After a month on Instagram, I felt worse about my photography. I felt like my photos weren’t good enough or my content appealing enough for this new, hip crowd. I started changing the things I photographed and the way I shot them to gain more followers and likes. And the hashtags. Don’t get me started on the amount of hashtags you have to use on that platform. After a while, I was exhausted again. I had compromised my artistic vision for the platform’s vision and my creativity took another huge nosedive, much like my Valeant stock.
The question is, “Does anyone actually enjoy following “fake” content anymore?” Nothing feels authentic, because nothing really is. It feels like everyone is on a permanent vacation with a charmed life that moves along without a single hiccup. To the content creator, this puts a huge pressure on them to endlessly post only their very best and most likeable photos. To the followers, it aggravates their FOMO anxiety making them endlessly compare their daily lives with this extravagant wanderlust lifestyle that everyone else seems to be enjoying. I get so many comments that indicate that my “epic” travel photos are actually making people feel bad.
In our efforts to appear flawlessly inspirational, we’ve actually ostracized our audience.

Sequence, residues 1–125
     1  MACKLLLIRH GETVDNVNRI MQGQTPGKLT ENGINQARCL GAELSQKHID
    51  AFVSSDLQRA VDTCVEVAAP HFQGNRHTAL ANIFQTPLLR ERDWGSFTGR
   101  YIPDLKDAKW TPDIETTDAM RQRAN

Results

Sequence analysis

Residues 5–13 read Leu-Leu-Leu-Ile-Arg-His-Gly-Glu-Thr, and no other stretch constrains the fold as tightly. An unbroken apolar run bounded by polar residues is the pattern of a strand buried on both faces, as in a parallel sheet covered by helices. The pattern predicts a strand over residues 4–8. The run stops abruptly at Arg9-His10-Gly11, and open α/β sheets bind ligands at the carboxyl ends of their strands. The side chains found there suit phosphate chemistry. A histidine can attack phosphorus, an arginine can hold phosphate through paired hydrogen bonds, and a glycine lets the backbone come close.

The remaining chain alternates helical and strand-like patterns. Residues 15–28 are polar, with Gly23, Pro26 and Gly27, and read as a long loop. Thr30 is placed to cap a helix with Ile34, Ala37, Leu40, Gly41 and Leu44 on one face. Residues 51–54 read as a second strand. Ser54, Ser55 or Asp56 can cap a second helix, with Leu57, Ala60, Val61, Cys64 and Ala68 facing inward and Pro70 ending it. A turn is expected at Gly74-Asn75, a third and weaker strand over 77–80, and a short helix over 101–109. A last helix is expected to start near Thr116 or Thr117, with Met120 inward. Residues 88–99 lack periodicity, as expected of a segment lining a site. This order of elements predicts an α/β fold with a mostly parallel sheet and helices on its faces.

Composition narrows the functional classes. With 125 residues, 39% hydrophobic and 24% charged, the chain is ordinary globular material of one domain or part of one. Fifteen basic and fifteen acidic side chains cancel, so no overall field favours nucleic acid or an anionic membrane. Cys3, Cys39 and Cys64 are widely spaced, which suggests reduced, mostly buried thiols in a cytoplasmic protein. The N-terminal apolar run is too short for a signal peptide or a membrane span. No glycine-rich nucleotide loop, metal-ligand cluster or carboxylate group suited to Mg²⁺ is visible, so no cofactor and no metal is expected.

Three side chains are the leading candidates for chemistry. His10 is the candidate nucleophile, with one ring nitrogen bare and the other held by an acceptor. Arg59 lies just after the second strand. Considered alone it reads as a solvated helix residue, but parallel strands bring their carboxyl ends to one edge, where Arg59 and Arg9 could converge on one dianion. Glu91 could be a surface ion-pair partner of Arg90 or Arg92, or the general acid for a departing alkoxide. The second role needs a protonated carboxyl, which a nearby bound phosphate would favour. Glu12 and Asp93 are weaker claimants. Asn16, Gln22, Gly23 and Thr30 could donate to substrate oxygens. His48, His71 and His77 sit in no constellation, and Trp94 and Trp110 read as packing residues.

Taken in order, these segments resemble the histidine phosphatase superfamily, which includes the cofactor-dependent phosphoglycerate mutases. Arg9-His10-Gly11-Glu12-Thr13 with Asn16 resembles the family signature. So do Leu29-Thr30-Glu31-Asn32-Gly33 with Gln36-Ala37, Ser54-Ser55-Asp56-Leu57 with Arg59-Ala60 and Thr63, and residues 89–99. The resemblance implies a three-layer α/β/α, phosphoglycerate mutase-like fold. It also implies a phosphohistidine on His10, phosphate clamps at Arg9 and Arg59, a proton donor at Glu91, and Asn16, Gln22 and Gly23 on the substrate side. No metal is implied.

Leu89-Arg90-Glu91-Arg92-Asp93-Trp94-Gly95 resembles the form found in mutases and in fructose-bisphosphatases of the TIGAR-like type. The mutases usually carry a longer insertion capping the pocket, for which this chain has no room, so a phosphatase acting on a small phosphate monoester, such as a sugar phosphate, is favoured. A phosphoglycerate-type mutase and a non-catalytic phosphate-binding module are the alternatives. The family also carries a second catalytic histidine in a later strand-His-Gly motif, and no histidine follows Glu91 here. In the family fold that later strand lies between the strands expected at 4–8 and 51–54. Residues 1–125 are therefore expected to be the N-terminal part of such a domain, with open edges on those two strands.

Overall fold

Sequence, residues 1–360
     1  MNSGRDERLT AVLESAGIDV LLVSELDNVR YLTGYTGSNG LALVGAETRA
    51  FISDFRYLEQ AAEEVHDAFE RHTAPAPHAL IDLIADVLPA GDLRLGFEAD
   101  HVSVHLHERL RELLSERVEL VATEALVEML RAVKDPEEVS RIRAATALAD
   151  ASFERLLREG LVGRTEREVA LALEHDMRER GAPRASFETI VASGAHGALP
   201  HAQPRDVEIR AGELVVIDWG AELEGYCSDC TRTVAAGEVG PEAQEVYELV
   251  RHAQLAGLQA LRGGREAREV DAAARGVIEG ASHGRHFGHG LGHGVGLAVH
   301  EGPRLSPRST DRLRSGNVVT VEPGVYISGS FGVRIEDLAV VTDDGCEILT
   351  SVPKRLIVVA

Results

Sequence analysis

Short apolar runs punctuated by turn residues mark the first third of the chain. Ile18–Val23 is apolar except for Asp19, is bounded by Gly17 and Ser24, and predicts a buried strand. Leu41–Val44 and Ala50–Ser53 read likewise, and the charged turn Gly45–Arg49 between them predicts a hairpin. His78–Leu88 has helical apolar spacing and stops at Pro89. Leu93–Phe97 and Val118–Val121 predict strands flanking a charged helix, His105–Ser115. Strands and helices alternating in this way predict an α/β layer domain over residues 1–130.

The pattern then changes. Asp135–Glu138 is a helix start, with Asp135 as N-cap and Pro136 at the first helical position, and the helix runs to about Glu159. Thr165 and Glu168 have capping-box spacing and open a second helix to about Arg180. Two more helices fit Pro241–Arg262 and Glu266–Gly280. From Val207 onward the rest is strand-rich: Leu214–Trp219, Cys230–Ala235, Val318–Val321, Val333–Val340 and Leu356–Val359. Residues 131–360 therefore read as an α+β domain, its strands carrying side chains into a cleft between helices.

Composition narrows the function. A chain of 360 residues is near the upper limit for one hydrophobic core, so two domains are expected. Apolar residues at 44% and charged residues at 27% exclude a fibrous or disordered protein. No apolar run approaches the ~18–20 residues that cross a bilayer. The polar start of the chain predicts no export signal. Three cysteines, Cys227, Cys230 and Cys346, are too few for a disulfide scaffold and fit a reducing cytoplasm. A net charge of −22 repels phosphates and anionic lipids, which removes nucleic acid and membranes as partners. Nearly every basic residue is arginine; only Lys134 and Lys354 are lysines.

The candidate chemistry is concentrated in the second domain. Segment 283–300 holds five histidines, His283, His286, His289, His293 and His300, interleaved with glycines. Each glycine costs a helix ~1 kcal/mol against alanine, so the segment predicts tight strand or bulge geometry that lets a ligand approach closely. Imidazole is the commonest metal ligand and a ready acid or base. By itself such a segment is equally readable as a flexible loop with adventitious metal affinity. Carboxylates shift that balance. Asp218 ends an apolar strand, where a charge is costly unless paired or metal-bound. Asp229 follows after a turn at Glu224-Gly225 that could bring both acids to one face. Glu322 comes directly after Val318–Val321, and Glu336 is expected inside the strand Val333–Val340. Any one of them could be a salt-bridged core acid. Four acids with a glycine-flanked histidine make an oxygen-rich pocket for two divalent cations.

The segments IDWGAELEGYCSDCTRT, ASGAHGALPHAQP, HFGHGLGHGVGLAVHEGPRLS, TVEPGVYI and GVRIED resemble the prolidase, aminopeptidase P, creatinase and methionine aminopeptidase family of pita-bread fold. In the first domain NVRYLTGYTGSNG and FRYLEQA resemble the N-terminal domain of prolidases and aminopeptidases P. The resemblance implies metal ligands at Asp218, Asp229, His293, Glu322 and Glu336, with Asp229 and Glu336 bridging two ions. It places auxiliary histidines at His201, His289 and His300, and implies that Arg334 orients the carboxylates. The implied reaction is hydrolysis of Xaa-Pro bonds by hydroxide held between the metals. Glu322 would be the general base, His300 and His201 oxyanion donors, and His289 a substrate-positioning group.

This makes me feel horrible and has got to change.
Nothing is easy. The photos I post don’t come easy either. One Icelandic waterfall long exposure might take me a full day to drive there, hike into a location and wait for the perfect light. But my followers don’t know this. They don’t know that I dreamed of going to Iceland for years, but I’ve had a horrible back and neck injury for years that has kept me grounded for almost 10 years. That it’s taken years of photographing everyday to be able to shoot photos like this. But how could they with captions like, “such an amazing waterfall in South Iceland.” It’s laziness on my part to not tell the full story and I don’t always have time, but I feel like I need to make time.
I’m not saying that social media is fundamentally bad or that taking dog-faced selfies in Snapchat isn’t endlessly entertaining, in fact I think the opposite. I’m not saying that we shouldn’t post pretty pictures with neat little captions or post pictures of our shoes or morning cappuccinos, if that is what is truly genuine for us. What I’m saying is:
Posting content that isn’t GENUINE to who you are with the sole purpose of getting likes doesn’t help you or your audience in the long run. One day, these platforms will inevitably shift and disappear, but a unique voice and authentic style will always be timeless.
This is why, after almost 3 years away, I am returning to old school blogging and authentic tweets and posts that MEAN something to me. I hope it means something to you, because after 10 years in this game, I’m simply over being fake.
Thoughts? Anger? Love? Feelings? Unleash them in the comments below…